• Weak Support; I like the idea of a Middle English Wiki, and thing it is different enough from Modern English to warrant a wiki if we're giving wikis to dead languages like Old English. I would also be willing to contribute to this wiki, though (while I read Middle English just fine) I would probably need a refresher course on writing the language. I also think the date of the beginning of ME should be pushed back to 1100 from 1200; the "Middle English period" started in 1066, though the language did not exist at that time. Jade Knight 18:39, 30 November 2005 (UTC)
  • Support. Middle English is a language on its own. I don't understand it to well, but specialists or fans: go ahead! Mig de Jong 18:51, 12 December 2005 (UTC)
  • Weak Support IF you can decide WHICH dialect "middle English" shall be defined as, and IF one can put up some kind of comprehensive resource to aid those who might wish to help, then I would say yes, just about. One has to remember that Middle English isn't a coherent language in the way some think; it is a bunch of highly different dialects over a period of a few hundred years. Compare/contrast the Canterbury Tales and Sir Gawain, for instance. 82.44.212.6 14:19, 18 December 2005 (UTC) (Needs to log in to vote.--Californiacondor 00:20, 16 November 2006 (UTC))
  • Support - Belgian man (nl na en) 16:42, 10 January 2006 (UTC)
  • Support, but as long as we can get authoritative experts on the subject, not just people pretending to write middle English, who have barely read a single Canterbury Tale.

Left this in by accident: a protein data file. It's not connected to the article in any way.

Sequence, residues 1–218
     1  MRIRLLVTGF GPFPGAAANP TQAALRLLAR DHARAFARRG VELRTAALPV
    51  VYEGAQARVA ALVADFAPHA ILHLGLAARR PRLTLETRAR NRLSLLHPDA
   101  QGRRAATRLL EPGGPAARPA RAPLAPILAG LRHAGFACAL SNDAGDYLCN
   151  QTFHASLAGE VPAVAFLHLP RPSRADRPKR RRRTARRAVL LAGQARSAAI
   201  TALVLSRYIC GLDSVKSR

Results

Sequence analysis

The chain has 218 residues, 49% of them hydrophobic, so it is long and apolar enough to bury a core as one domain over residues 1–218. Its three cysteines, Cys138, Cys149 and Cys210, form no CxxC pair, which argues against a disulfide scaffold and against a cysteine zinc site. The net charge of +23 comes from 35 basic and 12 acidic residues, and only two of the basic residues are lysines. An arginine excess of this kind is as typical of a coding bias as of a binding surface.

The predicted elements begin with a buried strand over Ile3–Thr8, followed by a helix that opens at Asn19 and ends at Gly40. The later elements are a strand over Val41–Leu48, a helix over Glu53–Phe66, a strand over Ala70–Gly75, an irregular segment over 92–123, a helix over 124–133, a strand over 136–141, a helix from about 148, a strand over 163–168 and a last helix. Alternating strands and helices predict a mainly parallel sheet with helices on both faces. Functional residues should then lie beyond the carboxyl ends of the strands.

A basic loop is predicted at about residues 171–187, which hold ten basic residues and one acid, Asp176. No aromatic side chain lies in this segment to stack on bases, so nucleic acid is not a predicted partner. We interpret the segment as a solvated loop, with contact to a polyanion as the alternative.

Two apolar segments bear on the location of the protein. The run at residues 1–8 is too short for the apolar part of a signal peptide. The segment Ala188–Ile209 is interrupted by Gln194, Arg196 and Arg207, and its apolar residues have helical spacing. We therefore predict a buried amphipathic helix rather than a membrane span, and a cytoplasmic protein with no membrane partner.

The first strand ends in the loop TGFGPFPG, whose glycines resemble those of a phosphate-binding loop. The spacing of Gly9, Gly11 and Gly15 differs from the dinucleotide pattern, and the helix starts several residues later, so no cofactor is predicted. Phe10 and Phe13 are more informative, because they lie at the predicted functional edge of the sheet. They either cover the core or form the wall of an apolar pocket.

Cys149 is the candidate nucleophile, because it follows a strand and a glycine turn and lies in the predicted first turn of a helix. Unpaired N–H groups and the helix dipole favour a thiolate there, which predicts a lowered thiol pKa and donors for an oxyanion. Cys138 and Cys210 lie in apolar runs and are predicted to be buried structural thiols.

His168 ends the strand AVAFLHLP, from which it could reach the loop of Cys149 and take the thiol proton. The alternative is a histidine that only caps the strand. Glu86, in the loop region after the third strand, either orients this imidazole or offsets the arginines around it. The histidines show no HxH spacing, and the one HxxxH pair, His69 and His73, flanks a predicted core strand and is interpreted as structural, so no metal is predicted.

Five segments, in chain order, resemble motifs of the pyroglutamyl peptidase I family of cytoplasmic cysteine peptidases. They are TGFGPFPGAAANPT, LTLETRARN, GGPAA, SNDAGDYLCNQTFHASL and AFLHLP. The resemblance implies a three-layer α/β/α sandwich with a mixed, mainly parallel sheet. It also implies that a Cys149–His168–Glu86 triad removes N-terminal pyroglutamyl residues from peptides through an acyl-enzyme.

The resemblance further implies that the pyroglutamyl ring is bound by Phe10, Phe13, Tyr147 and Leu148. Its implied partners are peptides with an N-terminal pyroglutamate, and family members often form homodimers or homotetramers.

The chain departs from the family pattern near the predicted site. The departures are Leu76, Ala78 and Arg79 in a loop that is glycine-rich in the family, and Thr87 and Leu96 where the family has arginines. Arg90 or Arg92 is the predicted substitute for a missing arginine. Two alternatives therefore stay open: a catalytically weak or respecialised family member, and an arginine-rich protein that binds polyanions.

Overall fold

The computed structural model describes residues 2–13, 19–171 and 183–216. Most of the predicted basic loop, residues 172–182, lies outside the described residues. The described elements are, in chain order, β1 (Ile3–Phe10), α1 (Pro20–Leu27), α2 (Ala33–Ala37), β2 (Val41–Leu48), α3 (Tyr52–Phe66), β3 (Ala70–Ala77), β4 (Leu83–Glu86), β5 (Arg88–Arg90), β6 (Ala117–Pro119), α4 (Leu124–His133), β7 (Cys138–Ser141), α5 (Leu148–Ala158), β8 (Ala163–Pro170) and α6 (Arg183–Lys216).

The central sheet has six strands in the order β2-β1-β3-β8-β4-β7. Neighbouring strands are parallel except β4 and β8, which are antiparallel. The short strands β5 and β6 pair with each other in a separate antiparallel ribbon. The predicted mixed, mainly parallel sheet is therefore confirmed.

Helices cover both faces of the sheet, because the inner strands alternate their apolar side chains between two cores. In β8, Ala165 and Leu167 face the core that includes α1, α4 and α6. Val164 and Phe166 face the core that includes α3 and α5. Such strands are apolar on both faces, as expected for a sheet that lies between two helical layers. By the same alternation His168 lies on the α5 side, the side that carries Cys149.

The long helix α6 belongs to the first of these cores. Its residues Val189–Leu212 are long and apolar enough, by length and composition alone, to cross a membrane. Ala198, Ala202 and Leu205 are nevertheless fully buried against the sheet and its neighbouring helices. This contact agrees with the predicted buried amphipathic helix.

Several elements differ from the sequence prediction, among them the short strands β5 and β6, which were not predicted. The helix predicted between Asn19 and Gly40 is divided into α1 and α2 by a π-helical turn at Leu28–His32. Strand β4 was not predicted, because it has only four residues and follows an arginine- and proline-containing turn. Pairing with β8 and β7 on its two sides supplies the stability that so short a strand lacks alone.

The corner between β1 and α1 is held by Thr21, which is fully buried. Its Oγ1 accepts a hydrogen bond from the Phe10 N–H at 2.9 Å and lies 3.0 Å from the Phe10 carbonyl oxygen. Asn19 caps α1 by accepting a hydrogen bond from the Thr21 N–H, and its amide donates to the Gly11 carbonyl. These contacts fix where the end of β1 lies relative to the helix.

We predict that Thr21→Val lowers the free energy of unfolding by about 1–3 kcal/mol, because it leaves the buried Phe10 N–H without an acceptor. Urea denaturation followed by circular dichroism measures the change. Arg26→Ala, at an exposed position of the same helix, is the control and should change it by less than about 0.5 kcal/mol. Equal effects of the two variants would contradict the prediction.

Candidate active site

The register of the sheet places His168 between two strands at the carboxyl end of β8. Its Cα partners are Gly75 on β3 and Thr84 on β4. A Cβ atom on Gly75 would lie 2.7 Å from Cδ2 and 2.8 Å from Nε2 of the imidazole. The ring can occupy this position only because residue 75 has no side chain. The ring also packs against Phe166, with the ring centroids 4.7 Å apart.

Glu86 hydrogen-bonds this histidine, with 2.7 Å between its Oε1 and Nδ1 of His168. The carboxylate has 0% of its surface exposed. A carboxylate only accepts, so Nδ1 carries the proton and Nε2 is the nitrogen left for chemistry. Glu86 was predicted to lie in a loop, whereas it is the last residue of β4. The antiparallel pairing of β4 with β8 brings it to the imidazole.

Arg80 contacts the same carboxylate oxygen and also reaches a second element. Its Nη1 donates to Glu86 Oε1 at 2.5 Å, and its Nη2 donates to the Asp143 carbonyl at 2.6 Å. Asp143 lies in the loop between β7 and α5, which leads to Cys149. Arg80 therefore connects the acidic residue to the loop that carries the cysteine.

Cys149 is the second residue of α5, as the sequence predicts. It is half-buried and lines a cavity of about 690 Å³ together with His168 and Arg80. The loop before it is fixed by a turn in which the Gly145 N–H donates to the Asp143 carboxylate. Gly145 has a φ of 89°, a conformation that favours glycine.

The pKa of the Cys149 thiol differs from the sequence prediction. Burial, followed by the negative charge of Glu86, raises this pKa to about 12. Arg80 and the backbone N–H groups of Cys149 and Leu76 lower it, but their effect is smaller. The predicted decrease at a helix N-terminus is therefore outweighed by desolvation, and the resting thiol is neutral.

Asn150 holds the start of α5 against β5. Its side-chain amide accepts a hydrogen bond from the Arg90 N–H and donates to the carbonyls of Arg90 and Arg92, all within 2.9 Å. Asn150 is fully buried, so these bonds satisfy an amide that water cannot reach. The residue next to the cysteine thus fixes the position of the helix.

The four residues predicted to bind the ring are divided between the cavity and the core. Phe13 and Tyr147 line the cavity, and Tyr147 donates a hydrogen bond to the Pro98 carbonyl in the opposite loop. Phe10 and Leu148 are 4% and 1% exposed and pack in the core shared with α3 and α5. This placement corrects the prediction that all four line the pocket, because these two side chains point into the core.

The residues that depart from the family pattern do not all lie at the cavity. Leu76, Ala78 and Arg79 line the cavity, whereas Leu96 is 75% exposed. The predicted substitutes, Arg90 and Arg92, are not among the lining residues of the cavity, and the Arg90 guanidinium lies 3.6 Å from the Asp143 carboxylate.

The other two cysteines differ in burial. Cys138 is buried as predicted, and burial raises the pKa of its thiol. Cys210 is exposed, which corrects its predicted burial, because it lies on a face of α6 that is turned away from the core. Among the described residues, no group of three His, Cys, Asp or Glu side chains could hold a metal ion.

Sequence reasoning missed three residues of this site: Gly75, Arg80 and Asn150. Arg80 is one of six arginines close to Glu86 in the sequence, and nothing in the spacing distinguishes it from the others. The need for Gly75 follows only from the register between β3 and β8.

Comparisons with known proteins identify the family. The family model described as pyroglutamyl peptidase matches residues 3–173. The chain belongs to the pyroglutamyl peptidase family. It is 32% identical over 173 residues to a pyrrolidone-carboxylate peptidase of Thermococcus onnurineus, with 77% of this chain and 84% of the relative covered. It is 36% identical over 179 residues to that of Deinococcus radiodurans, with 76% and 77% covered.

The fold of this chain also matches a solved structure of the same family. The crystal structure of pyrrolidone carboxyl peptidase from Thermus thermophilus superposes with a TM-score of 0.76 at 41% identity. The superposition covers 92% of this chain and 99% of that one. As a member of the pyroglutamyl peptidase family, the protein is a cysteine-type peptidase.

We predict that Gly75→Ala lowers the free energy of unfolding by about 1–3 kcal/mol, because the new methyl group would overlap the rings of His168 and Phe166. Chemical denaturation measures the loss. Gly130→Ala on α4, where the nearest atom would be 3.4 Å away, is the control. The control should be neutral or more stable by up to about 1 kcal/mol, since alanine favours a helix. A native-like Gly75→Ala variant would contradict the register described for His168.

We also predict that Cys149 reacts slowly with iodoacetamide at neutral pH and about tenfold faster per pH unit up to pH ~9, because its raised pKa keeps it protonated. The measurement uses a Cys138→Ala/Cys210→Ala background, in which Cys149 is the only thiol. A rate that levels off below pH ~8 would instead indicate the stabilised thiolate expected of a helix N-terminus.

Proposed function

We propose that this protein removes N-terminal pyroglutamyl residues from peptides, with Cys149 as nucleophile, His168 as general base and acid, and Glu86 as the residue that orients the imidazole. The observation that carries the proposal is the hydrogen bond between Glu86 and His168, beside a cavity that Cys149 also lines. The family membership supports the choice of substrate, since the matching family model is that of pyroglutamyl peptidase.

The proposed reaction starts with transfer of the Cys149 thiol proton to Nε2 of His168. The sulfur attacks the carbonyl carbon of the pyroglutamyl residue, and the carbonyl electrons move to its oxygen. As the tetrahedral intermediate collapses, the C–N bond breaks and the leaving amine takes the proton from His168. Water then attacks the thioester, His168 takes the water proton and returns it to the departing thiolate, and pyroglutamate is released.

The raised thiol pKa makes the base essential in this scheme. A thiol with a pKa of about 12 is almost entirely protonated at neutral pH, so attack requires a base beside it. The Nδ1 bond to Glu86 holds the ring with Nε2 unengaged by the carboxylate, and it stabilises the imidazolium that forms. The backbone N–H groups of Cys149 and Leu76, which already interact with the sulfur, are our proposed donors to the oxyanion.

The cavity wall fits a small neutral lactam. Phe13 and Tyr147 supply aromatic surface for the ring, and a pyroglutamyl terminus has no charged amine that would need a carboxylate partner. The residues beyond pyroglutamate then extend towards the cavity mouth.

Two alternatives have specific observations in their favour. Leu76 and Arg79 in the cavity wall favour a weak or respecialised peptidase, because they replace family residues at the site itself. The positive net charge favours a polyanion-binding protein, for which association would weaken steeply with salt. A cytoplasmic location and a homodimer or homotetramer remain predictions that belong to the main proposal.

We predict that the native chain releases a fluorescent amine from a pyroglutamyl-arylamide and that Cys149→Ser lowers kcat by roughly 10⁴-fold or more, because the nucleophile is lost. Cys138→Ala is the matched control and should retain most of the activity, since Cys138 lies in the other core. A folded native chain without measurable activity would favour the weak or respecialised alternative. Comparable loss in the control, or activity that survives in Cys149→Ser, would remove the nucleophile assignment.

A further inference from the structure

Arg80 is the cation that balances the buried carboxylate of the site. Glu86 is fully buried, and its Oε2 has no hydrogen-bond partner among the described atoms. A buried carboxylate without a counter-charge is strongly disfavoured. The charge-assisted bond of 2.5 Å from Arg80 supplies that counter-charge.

1. Uncle Davey
  • Support, but with authoritative experts, or texts on the subject... Maybe the Wiki should include an explanation of grammatic and vocabulary conventions, I think that's similar to the Scots Wiki. --Agari 16:05, 6 March 2006 (UTC)
  • Support nl:Boudewijn Idema, 13:40, 19 March 2006 (UTC)
  • Support It looks as funny as the gothic or old english one. Some work has already been done on the test-wiki. -- Sajasaze 17:47, 4 April 2006 (UTC)
  • Support Worthy of a Wikipedia by all means conceivable. Keeno 13:36, 16 April 2006 (UTC)
  • Strongly Support I have a major interest in the language. Wiki is now in testing stages. --Ted-m 14:41, 18 May 2006 (UTC)
  • Ic fayn vouche sauf -- Jim62sch 21:54, 24 May 2006 (UTC)
  • Strong Support I have a huge interest in Middle English and I´d love to see a Wikipedia in it. When it comes to the differences in spellings and things of the sort, we have that in Modern English even though it is standardised (British vs. American). Maybe we could create a list of which spellings are most preferable and easily readable. -- Erik 00:11, 14 August 2006 (UTC)
  • Strongest support possible. There's a small handful of contributors on Incubator, and when it goes live, I'm sure many English speakers will join and, using Internet resources, contribute with relative ease. If we can find experts, they could correct the commoners' mistakes. --Gray Porpoise 23:04, 20 November 2006 (UTC)
  • Strong Support The very purpose of Wikipedia is to record all human knowledge, in all possible languages. If some languages are to be censored, then let's just make it Modern English-only, and do away with all others. The best way for a person to learn a language is to actually use it, and Wikipedia would be one of the few places that a student could possibly do that— in nearly any topic possible. I personally am learning Old English, and for me to better my studies of it, I'll simply pull up the Anglo-Saxon language Wikipedia, view Random Articles, and read. Thus, my justification for its support. I win. Wōdenhelm 09:02, 14 December 2007 (UTC)

OpposeEdit

  • Oppose; it is a dead language, it has all the qualities of becoming another "Klingon". GerardM 10:44, 29 November 2005 (UTC)
    • Gerard, don't overlook the relative success of ang: and la:. I think enm: would be better comparable with those than with tlh:. Caesarion 11:43, 29 November 2005 (UTC)